Recently, a friend passed along the following request for “3 running suggestions” for newer runners.
My division at work has organized a group called “The Biggest Loser,” like the tv show. The woman running the group (pun intended) asked me if I would come and speak to them about running/training. She said most people have the idea in their mind that they want to do a race, but are too nervous/scared to actually do it. She would like me to talk about basics (shoes, schedules, etc), motivation, routes, etc. Here is where I am asking for your help!
If you don’t mind, I’m asking my running friends (all levels, distances) to email me their top 3 running suggestions. Anything from how you stay motivated to favorite post race snacks to a favorite brand of running shorts. For instance, I was recently reminded that when buying running shoes, you need to go 1/2 size larger than your normal shoe.
The group is 54 people, but she said they usually draw 15-20 for their lunch seminars.
Thanks in advance for your help and in getting others to join the running bandwagon!
In hopes of not giving the same suggestions as everyone else, these were my three suggestions:
(1) Remember “It never always gets worse.”
During a training run, a race, your overall training, and life in general you will encounter low spots and difficulties. When you hit a couple of these problems in a row (and you sometimes will) it’s easy to throw a pity party and give up. Don’t! Remember “It never always gets worse.” Things are going to turn around, you just have to hold on until then.
(2) Find a metric.
Find a way to compare your current fitness to that in the recent past so that you have consistent positive feedback! While I’ve been a distance runner most of my life, I learned this valuable lesson my college coaches turned me into a sprinter. As a sprinter, lifting weights was part of my training. Three times a week, I’d hit the weight room where I would do approximately 10 different exercises. For each exercise, my training started with two sets of the exercise with 8 repetitions in each set. As I trained, I would increase from 8 repetitions per set, to 10 reps per set, and then 12 reps per set. At that point I would begin doing three sets of that exercise with 8 reps in each set. I would again increase the number of reps per set until I could do 3 sets of 12 reps of that exercise. When I felt comfortable with 3 sets of 12 reps at a given weight, I would increase the weight I lifted for that exercise while going back to 2 sets of 8 reps at the higher weight. How often I could increase the number of reps or sets depended on the exercise and the weight, but each step up often took as little as a week or two. This provided great motivation to keep lifting, as I could see quantifiable progress with each increase in reps, sets, or weight. Now you can imagine how much positive feedback I got when I was doing ten or so exercises. With so many exercises and such frequent steps up for each exercise, I ended up having at least some positive reinforcement at many, if not most, of my lifting sessions!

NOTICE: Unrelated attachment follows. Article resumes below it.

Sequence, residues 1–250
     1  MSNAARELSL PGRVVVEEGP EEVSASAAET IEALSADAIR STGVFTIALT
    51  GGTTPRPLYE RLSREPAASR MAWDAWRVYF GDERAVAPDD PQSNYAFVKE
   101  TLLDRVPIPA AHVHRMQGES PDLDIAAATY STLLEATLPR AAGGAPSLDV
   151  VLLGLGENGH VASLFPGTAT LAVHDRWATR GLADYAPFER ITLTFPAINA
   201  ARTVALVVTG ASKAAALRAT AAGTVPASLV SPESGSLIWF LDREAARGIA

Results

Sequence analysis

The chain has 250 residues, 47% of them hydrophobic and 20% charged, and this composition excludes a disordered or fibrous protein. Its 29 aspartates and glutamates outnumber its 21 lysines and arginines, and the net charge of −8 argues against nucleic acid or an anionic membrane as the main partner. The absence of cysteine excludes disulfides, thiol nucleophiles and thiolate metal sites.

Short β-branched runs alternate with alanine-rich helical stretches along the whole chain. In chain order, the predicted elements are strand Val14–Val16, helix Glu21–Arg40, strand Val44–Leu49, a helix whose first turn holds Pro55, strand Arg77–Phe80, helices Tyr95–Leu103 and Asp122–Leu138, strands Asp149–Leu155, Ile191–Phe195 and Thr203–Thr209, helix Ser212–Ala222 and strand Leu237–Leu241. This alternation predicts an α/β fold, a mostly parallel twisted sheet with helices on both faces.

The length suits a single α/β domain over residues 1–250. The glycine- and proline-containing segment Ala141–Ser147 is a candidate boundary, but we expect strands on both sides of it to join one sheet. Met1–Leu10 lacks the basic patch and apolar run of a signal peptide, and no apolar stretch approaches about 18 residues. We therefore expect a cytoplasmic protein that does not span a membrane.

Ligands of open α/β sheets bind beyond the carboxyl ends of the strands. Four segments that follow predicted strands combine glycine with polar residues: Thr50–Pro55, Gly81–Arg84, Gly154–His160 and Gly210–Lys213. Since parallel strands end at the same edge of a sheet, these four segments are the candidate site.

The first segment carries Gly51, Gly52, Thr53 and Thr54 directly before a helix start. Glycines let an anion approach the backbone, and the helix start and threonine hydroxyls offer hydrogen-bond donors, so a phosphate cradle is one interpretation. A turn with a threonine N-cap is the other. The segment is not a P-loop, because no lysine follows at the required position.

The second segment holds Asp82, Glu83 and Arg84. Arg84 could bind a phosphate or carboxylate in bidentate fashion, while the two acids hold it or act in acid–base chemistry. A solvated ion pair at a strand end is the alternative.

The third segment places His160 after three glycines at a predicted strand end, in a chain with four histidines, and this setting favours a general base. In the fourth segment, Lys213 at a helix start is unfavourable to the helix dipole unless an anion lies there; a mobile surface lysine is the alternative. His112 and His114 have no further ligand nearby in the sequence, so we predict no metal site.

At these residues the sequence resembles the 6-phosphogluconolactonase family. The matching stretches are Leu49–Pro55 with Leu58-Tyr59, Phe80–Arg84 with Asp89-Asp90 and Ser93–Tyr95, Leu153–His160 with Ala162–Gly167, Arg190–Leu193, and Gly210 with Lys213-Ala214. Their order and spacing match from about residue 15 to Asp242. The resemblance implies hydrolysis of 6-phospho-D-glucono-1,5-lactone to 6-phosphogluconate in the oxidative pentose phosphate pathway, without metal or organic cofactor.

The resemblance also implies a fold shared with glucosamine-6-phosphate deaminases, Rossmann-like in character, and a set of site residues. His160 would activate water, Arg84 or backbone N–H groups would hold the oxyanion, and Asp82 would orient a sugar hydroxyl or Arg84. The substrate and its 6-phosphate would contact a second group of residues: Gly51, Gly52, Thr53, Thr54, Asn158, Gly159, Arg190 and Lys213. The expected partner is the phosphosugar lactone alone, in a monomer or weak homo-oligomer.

If you’re not racing for a long time and not running organized track workouts, you might not provide yourself with frequent opportunities to see any quantifiable improvement. A simple way to track improvement is to pick a route that you run frequently, time the route each time you run it, and record that time in a log. Don’t race the route, nor think about the time. Just run your normal running pace. If you are training consistently, you should be able to look back and see a trend that your running your loop a bit faster than you did a month or two before.
(3) One long run + one beer + one shower = bliss.
Seriously, try it. Enjoy a beer, wine, coke, OJ, or whatever when you jump in the shower after your next grueling run. Indulge a little – relax and reward yourself.
What would be your running suggestions in response to the above request?
[Folks be sure to check out the comments for other great running tips! I’ll include some of my favorites in a future post.]